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Board Game Review: Cascadia

game #9 of Katie's 100 board game challenge

By Katie KieslingPublished 2 months ago 3 min read

My fiancé bought this for me for my birthday, and we played it that night! (And one-and-a-half times the next night ... a board may have gotten bumped and we may have had to start over.) I instantly fell in love with it, and thought "I can easily teach this to new people, no problem". The coolest part though: my fiancé and I TIED! (He got the win because he had more leaves leftover ... but this meant, strategy-wise, we were on a similar playing field, which doesn't happen in a lot of games.)

Building Your Own Cascadia

Before reading the rules and watching a how-to video, I initially thought we were all building the same Cascadia. Each player actually gets their own starting tile and builds their own Cascadia (which makes way more sense when you look at how scoring works)! I also thought we each got our own scoring objectives - nope, each player shares, and there's one for each of the five animals (bear, fox, salmon, elk, hawk).

While players can still mess each other up by choosing tiles and tokens you also need, the game doesn't feel malicious - for the most part, everyone is building what they want to build, and following the strategy path they want to take. I love this!

The Components

The game is so simple, and the components match that sentiment. There's tiles, there's animal tokens, there's leaves ... that's it. The only annoying part, for set-up, is there are a different number of tiles used for the game depending on how many players there are - for a 2-player game, I think I had to essentially take out half the tiles.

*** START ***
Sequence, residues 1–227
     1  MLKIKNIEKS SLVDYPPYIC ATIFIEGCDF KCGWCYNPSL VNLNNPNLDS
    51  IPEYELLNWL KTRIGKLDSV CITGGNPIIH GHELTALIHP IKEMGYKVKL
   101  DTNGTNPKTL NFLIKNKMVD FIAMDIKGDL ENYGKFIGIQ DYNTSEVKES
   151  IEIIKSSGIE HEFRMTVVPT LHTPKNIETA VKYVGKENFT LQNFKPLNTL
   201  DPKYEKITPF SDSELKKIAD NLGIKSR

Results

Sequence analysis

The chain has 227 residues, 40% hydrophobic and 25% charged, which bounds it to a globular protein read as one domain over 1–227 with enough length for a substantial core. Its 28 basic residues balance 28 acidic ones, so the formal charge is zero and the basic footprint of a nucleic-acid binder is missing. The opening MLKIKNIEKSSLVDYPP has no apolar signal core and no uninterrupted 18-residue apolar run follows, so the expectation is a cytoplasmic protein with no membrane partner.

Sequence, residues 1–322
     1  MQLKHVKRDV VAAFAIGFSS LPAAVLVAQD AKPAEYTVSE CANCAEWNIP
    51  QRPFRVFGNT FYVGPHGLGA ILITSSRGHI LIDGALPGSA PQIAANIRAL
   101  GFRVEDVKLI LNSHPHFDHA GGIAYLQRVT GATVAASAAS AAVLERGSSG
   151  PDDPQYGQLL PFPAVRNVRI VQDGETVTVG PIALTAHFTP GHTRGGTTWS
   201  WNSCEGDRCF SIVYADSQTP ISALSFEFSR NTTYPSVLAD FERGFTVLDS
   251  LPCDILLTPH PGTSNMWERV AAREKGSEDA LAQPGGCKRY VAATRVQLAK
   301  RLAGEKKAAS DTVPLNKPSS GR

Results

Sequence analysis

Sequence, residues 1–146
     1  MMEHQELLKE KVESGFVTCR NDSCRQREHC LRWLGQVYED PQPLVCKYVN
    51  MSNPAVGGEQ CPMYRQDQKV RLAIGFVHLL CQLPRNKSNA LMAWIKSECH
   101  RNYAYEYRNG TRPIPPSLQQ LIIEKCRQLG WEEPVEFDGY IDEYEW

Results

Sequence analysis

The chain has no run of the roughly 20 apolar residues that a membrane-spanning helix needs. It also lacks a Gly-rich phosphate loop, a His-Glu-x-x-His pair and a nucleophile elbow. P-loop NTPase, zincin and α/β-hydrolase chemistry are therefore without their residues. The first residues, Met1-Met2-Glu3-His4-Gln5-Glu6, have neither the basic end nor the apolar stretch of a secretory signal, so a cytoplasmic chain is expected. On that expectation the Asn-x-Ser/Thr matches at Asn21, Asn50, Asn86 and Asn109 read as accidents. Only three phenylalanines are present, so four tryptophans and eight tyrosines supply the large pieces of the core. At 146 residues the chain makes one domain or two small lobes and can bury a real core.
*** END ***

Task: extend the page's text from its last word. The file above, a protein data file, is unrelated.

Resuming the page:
The Objectives

I got used to playing with the A objective cards for each animal (they have objective cards from A to D, so four different possible challenges per animal). When we played our second game, introducing the game to my mom, we used A again (because it's recommended for first-time players) ... then we had to start the game over, so I suggested we try randomizing the objectives.

... instant regret.

No, it actually wasn't THAT bad ... I just happened to have memorized all the A cards, and we had five completely new objectives to focus on (and some were a bit confusing at first). So, in the long-run, it's good that they have a variety of objectives - to add a challenge to the game. I just wasn't mentally prepared apparently to deal with that challenge ... maybe because we were halfway through a game, so I had the other objectives fresh in my head? (Don't worry, I didn't let this part affect my rating of Cascadia!)


I feel guilty for not writing this review as quickly - it meant I played the game twice, and my initial rating for it is a bit muddled (although I guess I have rated other games that I've played before ...).

If I had done this right after my birthday, the first time we played, I would've given this a 9. However, my rating here is going to be an 8 out of 10. I discovered I actually prefer this game as a 2-player ... so, opposite problem to Carcassonne. Reflecting on it now, Wingspan is probably a 10 for this reason: so far, I've enjoyed it as a 2-player, 3-player, 4-player, AND 5-player game - that is the ultimate goal now for rating games. So, Cascadia sadly doesn't live up to that measure, and as much as I enjoyed it, I will probably only ever ask fiancé to play it with me 1-on-1 - it'll be rare I ask to play it with more (unless we're introducing it to new people, of course).

table top

About the Creator

Katie Kiesling

* 29, she/her, Canadian

* Reader, writer, lover of language

* Board game enthusiast, and wannabe board game designer

* Fiancée currently, Wife in May 2023

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